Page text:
At NPC’s annual conference, NPC Ignites, the conversation around governance focused mostly on board diversity. Whilst it was clear there is a growing consensus that board diversity is ‘A Good Thing’, it was equally clear that we still have a long way to go.

I became a trustee earlier this month (for the first time) for a wonderful charity called Safe Ground and I haven’t been this excited about something for a long time.

When I told a friend, their response was: ‘It’s cool to see charities diversify.’

Wait, what? Sure, at 23 I am below the average age of a trustee—and I am slightly terrified by the task at hand because of it. But ultimately I have had exposure to the type of environment you would expect of a traditional board meeting. I’m therefore prepared for the experience. Surely the bar is way too low if I’m seen as diversity.

Well the bar is pretty low.

Just two years ago, 100% of Chairs responding to the ACEVO Pay Survey were white. 64% of them were male, 39% aged 65–74, and 47% of them said they were involved in more than one third sector organisation. 97% of all trustees in 2016 were white. (Source, Green Park, Thinking differently about difference; the value of diversity in the social sector.)

So what can boards do to be more representative? There is a lot to say on this topic. But here are some of the things I took away from the speakers at the NPC Ignites session:

Be clear on what you mean by diversity.

We desperately need more people of colour, women, young people, service users, those from a broader range of socio-economic backgrounds, disabled and neuroatypical people on boards of UK charities.

Why? Because boards should be more representative of the communities they serve. Trustees make critical decisions about charities that affect the lives of a whole range of people. And those decision-makers should themselves have a broad range of life experiences.

Value diversity. It’s not about ticking boxes.

Some of the findings from our State of the Sector research earlier this year, Charities taking charge, found that just 7% of charity leaders said they thought that diversity at board level was ‘not particularly important’.

And yet it was hard to pin down exactly why charities think it is important. Beyond the moral imperative, there is a business case for more diverse boards. Yet only a quarter of charities we asked agreed that diversity brings better decision-making. It also became apparent during the qualitative interviews that having more diversity at board level was something that slips down charities’ list of priorities.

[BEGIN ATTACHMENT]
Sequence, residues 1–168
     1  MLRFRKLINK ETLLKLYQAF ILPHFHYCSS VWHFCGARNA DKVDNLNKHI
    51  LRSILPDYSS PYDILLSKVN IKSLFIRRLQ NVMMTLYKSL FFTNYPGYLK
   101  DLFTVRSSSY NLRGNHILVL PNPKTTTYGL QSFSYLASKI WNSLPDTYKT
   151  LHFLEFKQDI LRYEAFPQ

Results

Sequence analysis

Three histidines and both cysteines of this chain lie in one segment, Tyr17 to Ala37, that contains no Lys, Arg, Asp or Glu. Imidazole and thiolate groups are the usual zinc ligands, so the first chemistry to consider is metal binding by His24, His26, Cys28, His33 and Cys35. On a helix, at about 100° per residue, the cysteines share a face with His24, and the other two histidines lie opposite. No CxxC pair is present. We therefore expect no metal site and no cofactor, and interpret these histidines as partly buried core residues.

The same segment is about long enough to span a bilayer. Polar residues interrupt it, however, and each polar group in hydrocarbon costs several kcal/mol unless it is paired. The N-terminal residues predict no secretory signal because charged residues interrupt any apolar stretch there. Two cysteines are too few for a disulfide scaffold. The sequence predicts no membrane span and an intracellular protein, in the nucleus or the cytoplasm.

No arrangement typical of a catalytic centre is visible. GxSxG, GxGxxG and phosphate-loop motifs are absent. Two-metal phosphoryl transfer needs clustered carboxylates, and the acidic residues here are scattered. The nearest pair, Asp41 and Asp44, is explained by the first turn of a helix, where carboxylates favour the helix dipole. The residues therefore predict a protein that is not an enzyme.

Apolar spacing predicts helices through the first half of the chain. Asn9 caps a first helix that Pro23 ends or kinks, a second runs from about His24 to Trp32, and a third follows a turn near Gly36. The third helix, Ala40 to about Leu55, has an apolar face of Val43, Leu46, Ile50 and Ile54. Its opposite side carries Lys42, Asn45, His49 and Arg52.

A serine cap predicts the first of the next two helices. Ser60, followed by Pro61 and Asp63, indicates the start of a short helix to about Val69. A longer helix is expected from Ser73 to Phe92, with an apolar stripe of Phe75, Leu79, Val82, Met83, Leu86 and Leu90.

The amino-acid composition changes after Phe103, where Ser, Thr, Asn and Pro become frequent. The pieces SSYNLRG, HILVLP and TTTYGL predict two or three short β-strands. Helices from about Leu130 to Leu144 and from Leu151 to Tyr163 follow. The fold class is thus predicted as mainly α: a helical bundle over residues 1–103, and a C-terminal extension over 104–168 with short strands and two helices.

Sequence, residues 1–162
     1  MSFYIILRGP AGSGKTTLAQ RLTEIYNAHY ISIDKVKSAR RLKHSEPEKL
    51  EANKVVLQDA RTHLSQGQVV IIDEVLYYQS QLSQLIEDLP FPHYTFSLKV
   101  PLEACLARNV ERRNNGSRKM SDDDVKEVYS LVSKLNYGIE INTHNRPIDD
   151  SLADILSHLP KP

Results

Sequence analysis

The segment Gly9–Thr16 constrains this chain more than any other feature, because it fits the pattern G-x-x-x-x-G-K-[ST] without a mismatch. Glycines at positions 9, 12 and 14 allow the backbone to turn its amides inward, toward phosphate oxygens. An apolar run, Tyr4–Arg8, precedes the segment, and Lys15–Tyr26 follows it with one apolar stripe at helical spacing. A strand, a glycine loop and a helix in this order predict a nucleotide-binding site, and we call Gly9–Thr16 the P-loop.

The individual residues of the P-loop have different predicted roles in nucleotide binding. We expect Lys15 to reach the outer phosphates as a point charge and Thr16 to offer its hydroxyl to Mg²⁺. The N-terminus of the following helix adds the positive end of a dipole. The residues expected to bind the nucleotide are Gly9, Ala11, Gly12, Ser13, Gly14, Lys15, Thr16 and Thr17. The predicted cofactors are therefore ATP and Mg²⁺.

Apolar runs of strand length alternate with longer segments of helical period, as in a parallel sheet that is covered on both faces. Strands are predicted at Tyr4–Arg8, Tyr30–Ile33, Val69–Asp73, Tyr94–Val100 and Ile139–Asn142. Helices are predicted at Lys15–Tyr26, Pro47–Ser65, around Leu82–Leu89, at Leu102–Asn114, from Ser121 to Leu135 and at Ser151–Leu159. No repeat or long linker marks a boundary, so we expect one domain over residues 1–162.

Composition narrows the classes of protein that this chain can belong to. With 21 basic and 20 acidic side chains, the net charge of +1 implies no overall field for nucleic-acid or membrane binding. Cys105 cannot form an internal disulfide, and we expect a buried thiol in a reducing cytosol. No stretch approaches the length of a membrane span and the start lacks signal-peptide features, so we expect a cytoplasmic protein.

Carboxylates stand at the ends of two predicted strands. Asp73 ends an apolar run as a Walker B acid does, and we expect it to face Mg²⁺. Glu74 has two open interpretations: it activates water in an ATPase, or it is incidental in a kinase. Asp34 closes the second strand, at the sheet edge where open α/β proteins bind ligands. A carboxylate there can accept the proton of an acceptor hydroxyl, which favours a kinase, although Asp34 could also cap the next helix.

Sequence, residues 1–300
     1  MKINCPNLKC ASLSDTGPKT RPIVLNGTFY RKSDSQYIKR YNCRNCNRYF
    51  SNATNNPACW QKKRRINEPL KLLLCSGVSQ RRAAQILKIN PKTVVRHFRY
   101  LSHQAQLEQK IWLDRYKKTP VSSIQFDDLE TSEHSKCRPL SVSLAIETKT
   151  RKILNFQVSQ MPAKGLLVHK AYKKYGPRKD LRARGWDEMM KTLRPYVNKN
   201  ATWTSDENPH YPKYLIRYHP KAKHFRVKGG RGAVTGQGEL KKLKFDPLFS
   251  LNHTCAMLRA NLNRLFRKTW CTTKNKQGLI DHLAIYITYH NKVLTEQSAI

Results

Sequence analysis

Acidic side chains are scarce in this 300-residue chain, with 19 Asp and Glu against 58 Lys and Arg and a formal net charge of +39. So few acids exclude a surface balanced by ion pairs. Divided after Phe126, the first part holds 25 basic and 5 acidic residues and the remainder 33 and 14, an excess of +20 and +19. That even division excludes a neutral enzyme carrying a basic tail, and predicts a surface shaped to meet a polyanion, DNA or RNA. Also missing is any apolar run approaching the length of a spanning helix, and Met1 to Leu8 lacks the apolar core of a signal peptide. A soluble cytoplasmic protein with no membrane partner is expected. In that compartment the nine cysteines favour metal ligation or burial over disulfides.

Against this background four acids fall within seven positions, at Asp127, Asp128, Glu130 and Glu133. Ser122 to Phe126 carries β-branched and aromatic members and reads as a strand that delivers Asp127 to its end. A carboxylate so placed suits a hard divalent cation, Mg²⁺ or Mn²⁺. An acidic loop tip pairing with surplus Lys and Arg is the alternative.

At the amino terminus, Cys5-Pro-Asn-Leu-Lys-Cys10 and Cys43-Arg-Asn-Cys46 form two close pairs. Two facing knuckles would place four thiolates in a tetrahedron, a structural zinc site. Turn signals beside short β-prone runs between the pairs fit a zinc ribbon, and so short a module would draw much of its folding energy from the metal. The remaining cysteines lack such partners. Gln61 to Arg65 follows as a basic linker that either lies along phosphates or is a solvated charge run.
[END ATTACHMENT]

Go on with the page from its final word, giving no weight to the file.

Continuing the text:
As Polly Neate said in her keynote speech at NPC Ignites, ‘our values are not something we keep in a box to look at, they are lived.’ Diversity isn’t like a restaurant rating you can stick up in the window. It’s about organisational culture change. So if we truly value diversity we must live it. And that will take work.

Attracting diverse trustees is less than half the battle. You need to keep them.

An open application process that has real effort put into reaching a broad range of applicants may work. But it’s useless if those people then leave after 6 months because it hasn’t done anything for them, or worse, it has alienated them from the sector entirely.

If diversity is about organisational culture change, your day to day practices will inevitably need to change too. This means asking: Are our trustees supported and given personal development opportunities so that they stay? Is the way we conduct board meetings accessible for everyone? Diversity and inclusion go hand in hand. Top tip: stop quoting Latin in board meetings.

Set yourself a clear goal.

If you really want culture change in your organisation and on your board, mandate yourselves to be more diverse in a year’s time. Make it an explicit aim and work hard at it—because it is hard work, and it should be.

Keep reading about diversity, and listen to people who know more about it than you. I have a lot more to learn, and I’m more aware of this fact now that I sit on a board of trustees.


We can all do better, but some charities are doing better than others. If you know a board going good work in this area, why not nominate them for a Charity Governance Award? One of the seven categories this year is diversity and inclusivity, alongside topics such as impact, managing turnaround and embracing digital.

Read more about our State of the Sector research findings on diversity in Charities taking charge, page 15–21.

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